Sure, none of it was intentional. Mostly. (Shipwreck, Dusty, and Clutch were on semi-permanent KP detail for a reason, after all.) But Duke knew as well as anyone that in unusual situations, you got unusual personalities—like the desert trooper who moonlighted as a refrigerator repairman, the pacifist combat medic, or, uh . . . well, pretty much anybody. And they were unusual personalities hated downtime. Which meant that if someone pulled something stupid under his jurisdiction, Duke was suddenly facing repercussions from the side of his job that he really didn't like—the administrative side.
Sooner or later, he was going to badger the Pentagon to issue a new set of incident report forms. They would make his job so much easier. Form 2227FG: Report of Prank in Motor Pool. Form 4156LI: Report of Inappropriate Use of Military-Grade Explosives. Form 1747JF: Report of Percussive Shock Injury due to Sudden Ninja Appearance, with tick boxes to indicate which ninja had done the appearing and whether the surprised person had fallen down a staircase, slipped on a bucket, or just bumped into a door.
Yeah, and maybe Cobra would donate all their funds to Greenpeace. But hell, he could dream.
* * *
Pretty when you're homicidal
Her Wolverine was a smoldering wreck. Again. Cover Girl cursed and aimed a kick at the nearest tread, not caring that she was currently losing her temper in the middle of a gutted battlefield. The area was secure, the HISS tanks were even more demolished than her beloved Wolverine, and she was taking a moment to get royally pissed off.
Almost immediately, though, she regretted it. She was alive, after all; she'd managed to leap clear only a few crucial seconds before the timed bomb went off, and aside from a bruised shoulder, the ex-model wasn't even scratched. There were injured Joes out there, and she could probably fix her Wolverine more easily than Doc could fix them. At the thought Cover Girl clenched her fists, looked away from the tank, and turned to see what was happening on the battlefield.
A hulking figure in a torn sweater and 'tac vest came stalking up to her, hauling a semi-conscious HISS tanker by one dislocated arm. Cover Girl's breath caught when she spotted the bright patch of blood on the green fabric, but the balaclava obscuring his face twitched, and she knew he was grinning.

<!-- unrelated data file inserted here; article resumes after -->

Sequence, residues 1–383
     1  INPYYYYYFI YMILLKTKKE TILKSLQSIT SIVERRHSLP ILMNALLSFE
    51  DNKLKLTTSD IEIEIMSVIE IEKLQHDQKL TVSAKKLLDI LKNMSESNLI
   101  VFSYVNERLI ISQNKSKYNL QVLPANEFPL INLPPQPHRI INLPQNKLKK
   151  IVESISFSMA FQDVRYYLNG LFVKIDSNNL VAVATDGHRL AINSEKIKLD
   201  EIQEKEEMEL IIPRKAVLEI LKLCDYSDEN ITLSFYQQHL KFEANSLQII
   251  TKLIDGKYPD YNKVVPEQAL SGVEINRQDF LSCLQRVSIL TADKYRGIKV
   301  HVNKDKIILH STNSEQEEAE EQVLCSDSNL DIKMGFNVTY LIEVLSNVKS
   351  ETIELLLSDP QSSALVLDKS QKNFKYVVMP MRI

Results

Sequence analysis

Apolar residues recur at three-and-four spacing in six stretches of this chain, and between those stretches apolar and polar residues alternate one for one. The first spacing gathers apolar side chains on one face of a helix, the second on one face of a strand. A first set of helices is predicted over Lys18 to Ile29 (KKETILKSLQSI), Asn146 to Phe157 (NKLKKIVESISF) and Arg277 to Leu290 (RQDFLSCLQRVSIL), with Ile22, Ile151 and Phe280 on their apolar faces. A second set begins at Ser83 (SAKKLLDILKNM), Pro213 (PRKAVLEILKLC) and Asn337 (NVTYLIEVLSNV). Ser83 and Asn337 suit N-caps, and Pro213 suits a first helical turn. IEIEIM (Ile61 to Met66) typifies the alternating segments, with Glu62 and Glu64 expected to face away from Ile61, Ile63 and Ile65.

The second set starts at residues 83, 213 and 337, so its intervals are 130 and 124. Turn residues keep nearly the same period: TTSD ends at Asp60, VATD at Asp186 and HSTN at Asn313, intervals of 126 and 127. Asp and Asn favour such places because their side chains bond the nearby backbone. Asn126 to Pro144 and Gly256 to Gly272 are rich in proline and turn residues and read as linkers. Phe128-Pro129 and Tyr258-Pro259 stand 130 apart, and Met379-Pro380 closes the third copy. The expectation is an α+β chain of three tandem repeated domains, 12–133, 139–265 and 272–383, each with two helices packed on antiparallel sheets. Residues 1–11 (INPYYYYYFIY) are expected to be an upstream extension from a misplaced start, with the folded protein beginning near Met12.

"Ease off, Krieger. Ain't mine."
Subtle, Beach. Why didn't he just hang a big sign "Macho Jackass" sign on his back and get it over with? Although maybe it was his way of showing off, sort of like the way Shipwreck kept flexing whenever Cover Girl glanced in his direction. She couldn't quite keep a grin from edging onto her face at that, and Beach Head inclined his head in her direction.
"See, there ya go. You okay?"
"Fine and dandy, Beach." She pretended to peer around him, as if seeing the HISS tanker for the first time. "Awwww, you brought me a present! I always wanted one."
"Add 'im to yer collection. The brass'll need someone who knows their tanks to look over 'is interrogation reports anyway, so ya might as well get t'know 'im now." Beach hauled the tanker to his knees and pulled the man's mask off. Cover Girl leaned down a little, checking the Cobra's pupils to see if he was concussed or brain-damaged. She'd been wanting to get some inside info on those new missile arrays the latest HISS models were using, and if he'd been knocked too badly on the head, they wouldn't be able to get any of those juicy specs out of him for ages—
The Cobra tanker's eyes focused, and he smiled dazedly. "You're pretty," he mumbled.
" . . . Beach, don't even try it. If you break him, you have to buy me a new one."